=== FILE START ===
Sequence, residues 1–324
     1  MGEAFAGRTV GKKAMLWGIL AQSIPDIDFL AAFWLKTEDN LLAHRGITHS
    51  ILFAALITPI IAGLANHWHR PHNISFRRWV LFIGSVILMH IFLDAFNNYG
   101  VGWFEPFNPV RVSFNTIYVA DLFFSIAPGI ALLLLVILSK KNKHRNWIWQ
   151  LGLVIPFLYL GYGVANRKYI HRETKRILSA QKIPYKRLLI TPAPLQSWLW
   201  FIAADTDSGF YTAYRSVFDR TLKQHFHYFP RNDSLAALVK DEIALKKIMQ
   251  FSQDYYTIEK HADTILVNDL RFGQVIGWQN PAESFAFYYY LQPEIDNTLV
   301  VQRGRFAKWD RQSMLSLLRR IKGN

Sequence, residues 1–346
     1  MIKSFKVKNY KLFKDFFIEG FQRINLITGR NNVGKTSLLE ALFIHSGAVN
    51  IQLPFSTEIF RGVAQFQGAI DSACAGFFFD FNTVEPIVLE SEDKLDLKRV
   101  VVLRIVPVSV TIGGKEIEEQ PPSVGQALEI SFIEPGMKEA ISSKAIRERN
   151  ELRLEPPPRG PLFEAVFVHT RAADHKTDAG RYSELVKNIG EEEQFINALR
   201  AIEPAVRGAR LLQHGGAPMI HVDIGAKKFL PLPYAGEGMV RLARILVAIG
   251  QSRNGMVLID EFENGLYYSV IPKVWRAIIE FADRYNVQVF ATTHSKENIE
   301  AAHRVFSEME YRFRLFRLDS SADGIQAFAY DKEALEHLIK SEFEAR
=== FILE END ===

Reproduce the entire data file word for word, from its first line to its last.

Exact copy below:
Sequence, residues 1–324
     1  MGEAFAGRTV GKKAMLWGIL AQSIPDIDFL AAFWLKTEDN LLAHRGITHS
    51  ILFAALITPI IAGLANHWHR PHNISFRRWV LFIGSVILMH IFLDAFNNYG
   101  VGWFEPFNPV RVSFNTIYVA DLFFSIAPGI ALLLLVILSK KNKHRNWIWQ
   151  LGLVIPFLYL GYGVANRKYI HRETKRILSA QKIPYKRLLI TPAPLQSWLW
   201  FIAADTDSGF YTAYRSVFDR TLKQHFHYFP RNDSLAALVK DEIALKKIMQ
   251  FSQDYYTIEK HADTILVNDL RFGQVIGWQN PAESFAFYYY LQPEIDNTLV
   301  VQRGRFAKWD RQSMLSLLRR IKGN

Sequence, residues 1–346
     1  MIKSFKVKNY KLFKDFFIEG FQRINLITGR NNVGKTSLLE ALFIHSGAVN
    51  IQLPFSTEIF RGVAQFQGAI DSACAGFFFD FNTVEPIVLE SEDKLDLKRV
   101  VVLRIVPVSV TIGGKEIEEQ PPSVGQALEI SFIEPGMKEA ISSKAIRERN
   151  ELRLEPPPRG PLFEAVFVHT RAADHKTDAG RYSELVKNIG EEEQFINALR
   201  AIEPAVRGAR LLQHGGAPMI HVDIGAKKFL PLPYAGEGMV RLARILVAIG
   251  QSRNGMVLID EFENGLYYSV IPKVWRAIIE FADRYNVQVF ATTHSKENIE
   301  AAHRVFSEME YRFRLFRLDS SADGIQAFAY DKEALEHLIK SEFEAR